VMware has added another layer of automation and administration to its vCloud Director cloud-creation product with the introduction of vCloud Request Manager.
Announced on Tuesday, vCloud Request Manager sits on top of vCloud Director, which allows companies to extend their datacentre into public clouds, then manage these like private clouds — a feature that VMware calls "virtual datacentres". The new software, which provides a self-service portal, makes it possible to automate the approvals process for provisioning new workloads in the cloud.
The product also introduces a system for tracking the use of licenses in specific software instances as they are initialised and killed, making sure that the cloud complies with third-party agreements. Another new tool aims to simplify administration of cloud partitions by providing 'blueprints' for dealing with standardised services.
The vCloud Request Manager is fundamentally an "orchestration engine" for merged public and private cloud environments, Dave Wright, VMware's vice president of technical services for Europe told ZDNet UK. The new levels of automation, licensing and administration are tailored around the needs of large enterprises, he said.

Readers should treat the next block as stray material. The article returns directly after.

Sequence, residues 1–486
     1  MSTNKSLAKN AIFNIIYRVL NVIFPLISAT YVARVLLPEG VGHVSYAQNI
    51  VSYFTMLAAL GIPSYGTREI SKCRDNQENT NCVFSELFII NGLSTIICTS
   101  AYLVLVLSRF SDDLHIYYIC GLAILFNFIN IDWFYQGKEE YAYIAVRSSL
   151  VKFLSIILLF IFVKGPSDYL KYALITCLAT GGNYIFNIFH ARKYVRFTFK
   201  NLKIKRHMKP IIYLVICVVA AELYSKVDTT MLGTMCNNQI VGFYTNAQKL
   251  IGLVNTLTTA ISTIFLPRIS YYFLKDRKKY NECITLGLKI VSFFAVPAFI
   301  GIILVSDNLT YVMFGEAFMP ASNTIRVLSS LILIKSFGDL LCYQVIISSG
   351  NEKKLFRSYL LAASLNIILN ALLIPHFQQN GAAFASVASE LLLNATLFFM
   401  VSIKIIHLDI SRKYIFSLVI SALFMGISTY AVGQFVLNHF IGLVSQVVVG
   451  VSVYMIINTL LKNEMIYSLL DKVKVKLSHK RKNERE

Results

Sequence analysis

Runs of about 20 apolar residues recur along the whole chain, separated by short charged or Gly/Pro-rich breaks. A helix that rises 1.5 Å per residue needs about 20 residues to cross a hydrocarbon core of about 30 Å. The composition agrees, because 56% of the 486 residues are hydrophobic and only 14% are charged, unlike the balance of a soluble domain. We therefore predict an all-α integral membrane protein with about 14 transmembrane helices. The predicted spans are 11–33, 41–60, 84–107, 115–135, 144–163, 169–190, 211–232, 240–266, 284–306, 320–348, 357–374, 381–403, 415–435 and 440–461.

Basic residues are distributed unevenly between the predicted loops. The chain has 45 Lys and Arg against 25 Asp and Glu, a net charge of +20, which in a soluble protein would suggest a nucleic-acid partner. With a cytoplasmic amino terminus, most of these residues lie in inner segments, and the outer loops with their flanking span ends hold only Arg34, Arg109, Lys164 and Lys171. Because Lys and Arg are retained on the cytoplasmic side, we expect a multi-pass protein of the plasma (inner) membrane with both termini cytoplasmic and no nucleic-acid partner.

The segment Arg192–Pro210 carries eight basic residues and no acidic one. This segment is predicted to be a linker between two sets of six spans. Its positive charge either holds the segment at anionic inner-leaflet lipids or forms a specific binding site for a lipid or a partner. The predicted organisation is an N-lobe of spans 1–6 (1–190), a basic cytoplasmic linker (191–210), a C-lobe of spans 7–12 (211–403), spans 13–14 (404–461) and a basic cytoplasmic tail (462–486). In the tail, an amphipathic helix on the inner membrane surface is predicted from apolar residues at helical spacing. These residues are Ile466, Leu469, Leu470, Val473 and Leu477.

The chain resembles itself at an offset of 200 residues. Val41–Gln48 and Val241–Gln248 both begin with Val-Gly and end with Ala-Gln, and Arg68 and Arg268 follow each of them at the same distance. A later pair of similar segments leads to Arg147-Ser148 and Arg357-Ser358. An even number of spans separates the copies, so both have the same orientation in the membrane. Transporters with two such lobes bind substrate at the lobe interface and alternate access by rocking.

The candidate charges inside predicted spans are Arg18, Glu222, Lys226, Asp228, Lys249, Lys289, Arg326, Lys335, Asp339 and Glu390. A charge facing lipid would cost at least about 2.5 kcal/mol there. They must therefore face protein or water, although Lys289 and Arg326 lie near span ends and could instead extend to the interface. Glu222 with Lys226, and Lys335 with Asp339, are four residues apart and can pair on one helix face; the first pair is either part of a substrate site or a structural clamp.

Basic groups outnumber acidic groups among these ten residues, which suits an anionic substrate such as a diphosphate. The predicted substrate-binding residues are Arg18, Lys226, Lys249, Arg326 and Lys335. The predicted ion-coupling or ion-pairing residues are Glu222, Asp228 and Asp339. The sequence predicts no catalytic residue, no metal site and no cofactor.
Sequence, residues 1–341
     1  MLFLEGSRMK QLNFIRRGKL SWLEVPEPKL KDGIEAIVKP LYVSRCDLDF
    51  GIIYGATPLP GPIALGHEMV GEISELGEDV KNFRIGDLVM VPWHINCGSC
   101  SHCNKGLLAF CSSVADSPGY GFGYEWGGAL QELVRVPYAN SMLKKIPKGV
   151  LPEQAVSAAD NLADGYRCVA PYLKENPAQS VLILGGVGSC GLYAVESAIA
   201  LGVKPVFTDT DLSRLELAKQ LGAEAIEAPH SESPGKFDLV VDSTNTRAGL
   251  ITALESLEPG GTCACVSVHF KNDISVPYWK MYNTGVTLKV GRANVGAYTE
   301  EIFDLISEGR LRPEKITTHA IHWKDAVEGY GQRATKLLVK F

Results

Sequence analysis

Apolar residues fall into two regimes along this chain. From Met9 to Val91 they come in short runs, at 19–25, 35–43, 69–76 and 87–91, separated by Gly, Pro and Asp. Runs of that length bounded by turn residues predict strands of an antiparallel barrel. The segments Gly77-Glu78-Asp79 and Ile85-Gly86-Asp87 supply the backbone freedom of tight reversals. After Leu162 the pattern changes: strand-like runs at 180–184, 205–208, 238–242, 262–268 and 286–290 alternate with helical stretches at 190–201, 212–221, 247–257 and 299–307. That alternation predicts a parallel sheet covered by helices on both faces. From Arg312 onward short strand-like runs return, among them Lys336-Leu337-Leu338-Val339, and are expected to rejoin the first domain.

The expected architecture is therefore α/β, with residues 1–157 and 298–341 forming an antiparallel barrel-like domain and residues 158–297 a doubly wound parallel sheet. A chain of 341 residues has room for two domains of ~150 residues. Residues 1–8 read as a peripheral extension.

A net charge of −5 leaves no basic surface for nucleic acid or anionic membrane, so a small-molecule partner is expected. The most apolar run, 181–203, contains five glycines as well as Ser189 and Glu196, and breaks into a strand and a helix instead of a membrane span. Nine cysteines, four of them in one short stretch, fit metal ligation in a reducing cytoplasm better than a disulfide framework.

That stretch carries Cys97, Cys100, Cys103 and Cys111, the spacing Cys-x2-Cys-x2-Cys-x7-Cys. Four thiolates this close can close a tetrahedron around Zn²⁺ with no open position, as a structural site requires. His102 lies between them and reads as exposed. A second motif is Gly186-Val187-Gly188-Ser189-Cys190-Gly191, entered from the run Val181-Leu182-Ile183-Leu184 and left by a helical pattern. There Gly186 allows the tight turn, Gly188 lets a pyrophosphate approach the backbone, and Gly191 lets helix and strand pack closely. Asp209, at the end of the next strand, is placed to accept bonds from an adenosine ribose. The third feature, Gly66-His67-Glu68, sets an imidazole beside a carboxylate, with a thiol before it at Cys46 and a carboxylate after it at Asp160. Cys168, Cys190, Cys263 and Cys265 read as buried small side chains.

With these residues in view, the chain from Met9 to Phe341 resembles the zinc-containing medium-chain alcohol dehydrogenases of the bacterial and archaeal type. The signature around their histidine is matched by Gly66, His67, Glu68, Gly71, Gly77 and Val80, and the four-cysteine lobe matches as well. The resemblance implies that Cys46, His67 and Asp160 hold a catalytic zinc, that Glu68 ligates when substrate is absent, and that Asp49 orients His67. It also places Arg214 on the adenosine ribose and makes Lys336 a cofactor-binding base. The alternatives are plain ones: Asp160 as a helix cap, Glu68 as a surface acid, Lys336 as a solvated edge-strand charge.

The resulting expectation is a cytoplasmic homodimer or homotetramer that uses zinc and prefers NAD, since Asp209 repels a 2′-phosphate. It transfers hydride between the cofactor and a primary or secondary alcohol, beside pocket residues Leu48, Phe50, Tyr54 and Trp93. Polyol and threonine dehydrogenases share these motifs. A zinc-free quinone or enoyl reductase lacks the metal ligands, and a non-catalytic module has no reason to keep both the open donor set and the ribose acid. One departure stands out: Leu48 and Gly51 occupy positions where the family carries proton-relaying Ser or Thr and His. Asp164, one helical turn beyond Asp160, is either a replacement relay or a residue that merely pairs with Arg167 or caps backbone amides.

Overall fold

"At the moment, you very much take the approach of 'this is the best way to provision a virtual machine'. But when you go to an enterprise structure, they won't necessarily go into that — they'll want to do a degree of customisation, and they'll have a request-manager system, and you need to interface into that. We don't want to have a separate system, we want people to use a traditional request system and interface through this," he explained at VMworld 2010 Europe in Copenhagen.
The new software plugs into VMware's vision of customers moving to 'IT as a service', unveiled alongside vCloud Director in August. The company envisages enterprises putting together a chunk of their corporate IT using external services, rather than building in-house.
VMware has plans to expand vCloud Director with further software layers as its use grows, Wright said. "As we come up with a definitive approach to how the cloud is managed, that's where you will potentially see more additions," he explained.
VMware vCloud Request Manager will be released before the end of 2010. It will be licensed on a per-virtual machine basis, with prices starting at $100 (£63) per VM, according to the company.